Submission to a physical book might also enhance our understanding or appreciation through the appearance of the book itself—its cover art, for example. Crawford’s hardcover edition illustrates this powerfully and beautifully in its physical form. Most books do not include both a dust jacket and case wrap printing. But The World Beyond Your Head features a white dust jacket, just translucent enough to afford a glimpse of the image underneath: the Studley tool chest, a 19th century masterpiece of ingenuity and craftsmanship. Not every book demonstrates such attention to integrated design, but it matters here, and not only portends the book’s argument but argues its permanence. It is another possibility, another affordance, one necessarily missed in any electronic interaction with the book, where readers encounter the cover as a two-dimensional image, if at all.
I do not mean to decry all reading of electronic materials—after all, this is a blog post. Some out-of-print books have found new life as scanned ebooks at Project Gutenberg and the Christian Classics Ethereal Library (CCEL).
But as our world changes, and as the sales of ebooks advance, we do well as students and teachers to recognize and champion the physical book. Diary of a Wimpy Kid (which I deplore), the novels of Michael Connelly (which I enjoy), and the like are served well by electronic media devices. They do not require much of us, after all. They are Twinkies; they are Whoppers; they are Coca-Cola. They are hyper-palatable things meant to be consumed rather than savored. For the toothsome enjoyment of Shakespeare or Schleiermacher, Boethius or Buchan, though, please put a real book in my hands.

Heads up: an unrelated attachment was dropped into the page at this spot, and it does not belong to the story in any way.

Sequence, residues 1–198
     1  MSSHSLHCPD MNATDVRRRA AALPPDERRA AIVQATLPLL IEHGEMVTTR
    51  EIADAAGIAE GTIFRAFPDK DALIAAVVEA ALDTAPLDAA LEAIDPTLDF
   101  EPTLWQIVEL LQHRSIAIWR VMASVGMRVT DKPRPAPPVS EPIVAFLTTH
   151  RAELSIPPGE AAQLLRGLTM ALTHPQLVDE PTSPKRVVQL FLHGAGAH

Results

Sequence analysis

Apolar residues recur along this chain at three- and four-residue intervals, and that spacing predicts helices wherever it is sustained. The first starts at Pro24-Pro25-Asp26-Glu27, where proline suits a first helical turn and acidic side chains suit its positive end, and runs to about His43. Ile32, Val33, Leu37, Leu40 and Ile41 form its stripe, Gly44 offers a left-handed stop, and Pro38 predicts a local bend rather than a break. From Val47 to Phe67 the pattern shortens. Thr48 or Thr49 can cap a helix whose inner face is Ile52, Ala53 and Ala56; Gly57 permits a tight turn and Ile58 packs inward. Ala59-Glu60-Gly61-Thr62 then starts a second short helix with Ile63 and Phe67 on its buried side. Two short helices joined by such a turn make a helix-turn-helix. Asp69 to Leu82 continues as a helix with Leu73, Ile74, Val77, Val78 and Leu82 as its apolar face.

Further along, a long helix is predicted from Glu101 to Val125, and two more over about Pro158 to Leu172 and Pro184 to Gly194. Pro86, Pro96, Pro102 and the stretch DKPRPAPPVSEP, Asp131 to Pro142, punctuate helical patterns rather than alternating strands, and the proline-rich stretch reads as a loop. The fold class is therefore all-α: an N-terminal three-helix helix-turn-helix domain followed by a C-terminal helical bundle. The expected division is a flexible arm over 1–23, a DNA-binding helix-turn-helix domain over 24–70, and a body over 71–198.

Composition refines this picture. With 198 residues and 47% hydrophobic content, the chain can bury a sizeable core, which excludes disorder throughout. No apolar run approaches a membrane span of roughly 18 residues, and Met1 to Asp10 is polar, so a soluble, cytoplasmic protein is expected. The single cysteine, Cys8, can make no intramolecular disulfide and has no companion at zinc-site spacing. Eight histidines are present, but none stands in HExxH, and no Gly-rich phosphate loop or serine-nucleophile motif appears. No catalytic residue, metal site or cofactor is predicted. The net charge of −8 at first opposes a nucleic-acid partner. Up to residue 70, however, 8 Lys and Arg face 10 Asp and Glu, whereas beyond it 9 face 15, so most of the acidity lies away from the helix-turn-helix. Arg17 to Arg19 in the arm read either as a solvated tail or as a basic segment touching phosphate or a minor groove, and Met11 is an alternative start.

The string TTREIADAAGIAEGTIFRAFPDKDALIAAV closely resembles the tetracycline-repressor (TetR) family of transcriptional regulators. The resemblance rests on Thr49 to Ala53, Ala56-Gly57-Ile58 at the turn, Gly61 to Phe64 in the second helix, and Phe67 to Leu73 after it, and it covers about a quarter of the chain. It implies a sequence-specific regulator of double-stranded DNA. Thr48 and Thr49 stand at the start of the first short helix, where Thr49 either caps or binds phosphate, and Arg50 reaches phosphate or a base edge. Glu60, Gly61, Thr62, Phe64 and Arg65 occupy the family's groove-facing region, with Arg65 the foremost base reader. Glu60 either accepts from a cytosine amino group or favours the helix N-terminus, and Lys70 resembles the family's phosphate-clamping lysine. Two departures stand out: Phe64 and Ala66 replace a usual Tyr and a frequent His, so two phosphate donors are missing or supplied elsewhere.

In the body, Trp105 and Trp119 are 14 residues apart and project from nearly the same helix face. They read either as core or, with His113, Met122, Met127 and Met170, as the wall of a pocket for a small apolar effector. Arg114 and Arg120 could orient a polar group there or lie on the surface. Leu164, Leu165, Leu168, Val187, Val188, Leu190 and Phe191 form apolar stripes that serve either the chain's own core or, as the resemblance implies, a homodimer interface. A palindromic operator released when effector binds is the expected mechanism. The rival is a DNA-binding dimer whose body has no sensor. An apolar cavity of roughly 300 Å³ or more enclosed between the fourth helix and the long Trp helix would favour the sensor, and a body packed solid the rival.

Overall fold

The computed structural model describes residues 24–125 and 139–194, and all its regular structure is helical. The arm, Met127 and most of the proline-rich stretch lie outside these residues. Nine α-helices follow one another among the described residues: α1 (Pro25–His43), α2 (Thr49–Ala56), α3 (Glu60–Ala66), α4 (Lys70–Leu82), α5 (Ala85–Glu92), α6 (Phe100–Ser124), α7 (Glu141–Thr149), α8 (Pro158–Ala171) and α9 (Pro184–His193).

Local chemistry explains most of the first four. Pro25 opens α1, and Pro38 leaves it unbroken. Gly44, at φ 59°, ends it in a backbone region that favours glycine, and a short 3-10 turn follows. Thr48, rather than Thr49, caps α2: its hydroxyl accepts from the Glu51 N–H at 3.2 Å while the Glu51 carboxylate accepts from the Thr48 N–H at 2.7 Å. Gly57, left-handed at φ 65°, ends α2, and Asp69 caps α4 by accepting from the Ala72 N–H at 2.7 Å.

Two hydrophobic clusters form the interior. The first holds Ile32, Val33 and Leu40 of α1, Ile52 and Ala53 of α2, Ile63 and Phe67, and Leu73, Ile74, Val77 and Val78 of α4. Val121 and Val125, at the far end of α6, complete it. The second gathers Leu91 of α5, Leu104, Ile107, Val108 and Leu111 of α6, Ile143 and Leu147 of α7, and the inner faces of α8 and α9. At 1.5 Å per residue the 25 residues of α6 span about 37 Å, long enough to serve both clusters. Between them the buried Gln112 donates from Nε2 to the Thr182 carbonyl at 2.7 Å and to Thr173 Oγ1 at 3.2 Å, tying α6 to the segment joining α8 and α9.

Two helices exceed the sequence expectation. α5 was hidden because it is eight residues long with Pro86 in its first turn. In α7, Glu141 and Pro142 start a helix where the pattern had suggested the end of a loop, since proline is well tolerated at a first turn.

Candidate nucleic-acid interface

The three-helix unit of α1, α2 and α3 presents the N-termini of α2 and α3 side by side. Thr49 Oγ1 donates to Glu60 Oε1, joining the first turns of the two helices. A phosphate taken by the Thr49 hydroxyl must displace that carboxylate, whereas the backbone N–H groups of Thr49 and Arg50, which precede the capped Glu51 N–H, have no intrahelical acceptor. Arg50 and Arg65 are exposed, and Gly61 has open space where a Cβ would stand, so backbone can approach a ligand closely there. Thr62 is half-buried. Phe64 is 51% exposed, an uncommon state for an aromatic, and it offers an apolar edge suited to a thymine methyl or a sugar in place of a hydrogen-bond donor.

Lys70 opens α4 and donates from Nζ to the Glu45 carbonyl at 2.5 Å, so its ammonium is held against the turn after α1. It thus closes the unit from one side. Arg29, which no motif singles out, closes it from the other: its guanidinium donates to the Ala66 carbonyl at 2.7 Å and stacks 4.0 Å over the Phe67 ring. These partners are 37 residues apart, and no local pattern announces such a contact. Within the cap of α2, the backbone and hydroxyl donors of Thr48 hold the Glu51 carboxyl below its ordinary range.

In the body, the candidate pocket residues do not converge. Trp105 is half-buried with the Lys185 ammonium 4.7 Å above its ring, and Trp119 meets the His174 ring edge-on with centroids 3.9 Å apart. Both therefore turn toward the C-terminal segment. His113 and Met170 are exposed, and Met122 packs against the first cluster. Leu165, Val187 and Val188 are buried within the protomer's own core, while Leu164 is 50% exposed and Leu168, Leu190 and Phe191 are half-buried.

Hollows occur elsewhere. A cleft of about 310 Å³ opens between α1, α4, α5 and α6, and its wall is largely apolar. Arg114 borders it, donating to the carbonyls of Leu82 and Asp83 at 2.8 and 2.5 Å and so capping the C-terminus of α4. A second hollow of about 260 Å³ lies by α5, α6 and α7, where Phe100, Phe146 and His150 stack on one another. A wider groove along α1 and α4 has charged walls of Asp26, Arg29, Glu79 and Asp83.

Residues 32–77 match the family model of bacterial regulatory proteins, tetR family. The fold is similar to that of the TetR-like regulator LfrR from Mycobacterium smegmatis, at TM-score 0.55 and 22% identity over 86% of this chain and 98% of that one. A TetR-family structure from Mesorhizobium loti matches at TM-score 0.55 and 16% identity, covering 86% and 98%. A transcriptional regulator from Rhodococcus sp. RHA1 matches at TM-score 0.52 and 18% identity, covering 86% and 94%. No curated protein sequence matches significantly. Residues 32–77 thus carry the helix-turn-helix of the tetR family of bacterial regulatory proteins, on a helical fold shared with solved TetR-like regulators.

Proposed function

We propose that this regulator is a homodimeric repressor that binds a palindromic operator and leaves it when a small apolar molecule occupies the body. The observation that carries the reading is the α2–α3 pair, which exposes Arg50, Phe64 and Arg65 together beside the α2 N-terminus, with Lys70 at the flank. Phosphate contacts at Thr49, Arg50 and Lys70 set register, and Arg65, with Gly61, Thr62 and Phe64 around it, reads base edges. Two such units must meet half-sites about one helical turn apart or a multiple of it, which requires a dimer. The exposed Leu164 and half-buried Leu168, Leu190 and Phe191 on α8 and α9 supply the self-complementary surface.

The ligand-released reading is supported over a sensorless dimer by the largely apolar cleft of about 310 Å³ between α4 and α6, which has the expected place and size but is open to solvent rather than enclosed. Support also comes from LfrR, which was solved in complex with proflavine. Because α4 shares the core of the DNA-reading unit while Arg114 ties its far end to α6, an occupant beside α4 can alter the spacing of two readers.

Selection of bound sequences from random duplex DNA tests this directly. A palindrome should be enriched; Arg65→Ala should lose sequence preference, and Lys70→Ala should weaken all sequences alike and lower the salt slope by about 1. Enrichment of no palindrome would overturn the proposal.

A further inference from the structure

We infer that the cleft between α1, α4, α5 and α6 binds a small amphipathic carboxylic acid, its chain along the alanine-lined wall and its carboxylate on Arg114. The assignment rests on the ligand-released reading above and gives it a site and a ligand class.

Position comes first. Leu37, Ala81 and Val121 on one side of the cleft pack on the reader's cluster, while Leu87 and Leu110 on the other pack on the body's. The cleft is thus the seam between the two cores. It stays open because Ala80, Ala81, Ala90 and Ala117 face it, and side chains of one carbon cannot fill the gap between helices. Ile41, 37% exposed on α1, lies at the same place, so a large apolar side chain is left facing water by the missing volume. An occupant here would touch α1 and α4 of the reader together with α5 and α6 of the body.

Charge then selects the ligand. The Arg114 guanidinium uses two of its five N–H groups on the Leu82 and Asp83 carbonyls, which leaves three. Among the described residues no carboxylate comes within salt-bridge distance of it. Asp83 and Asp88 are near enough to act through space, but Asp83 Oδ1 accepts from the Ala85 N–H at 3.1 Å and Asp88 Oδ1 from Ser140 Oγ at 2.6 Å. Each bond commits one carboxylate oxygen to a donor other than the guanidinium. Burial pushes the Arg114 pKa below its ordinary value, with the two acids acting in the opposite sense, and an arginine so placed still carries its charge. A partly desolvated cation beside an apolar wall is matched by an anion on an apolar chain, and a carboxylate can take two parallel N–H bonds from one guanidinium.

Put another way (with a nod to Kafka): When I face my inner frozen sea, give me an axe I can swing—not just a picture of one.
1) I responded to her comment with this: “I think the Kindle is a useful tool for consuming books–not always a bad thing. But deep reading, especially reading great books, requires a different sort of engagement. In the same way that notes taken digitally do not “set” in the brain as they do when written, studies suggest that ebooks are great for delivering content (bestsellers and popular books, the top sellers on Kindle) but not for facilitating engagement with difficult and complex ideas. Nevertheless, we are changing our brains with all this electronic engagement, especially at the elementary and secondary level, and it remains to be seen what will come next.” (Slightly edited for clarity.)
2) I’d also argue that his argument dovetails with recent conversations in the world of classical Christian education, including the idea of “cultural liturgies” developed by James K. A. Smith in Desiring the Kingdom and Imagining the Kingdom.)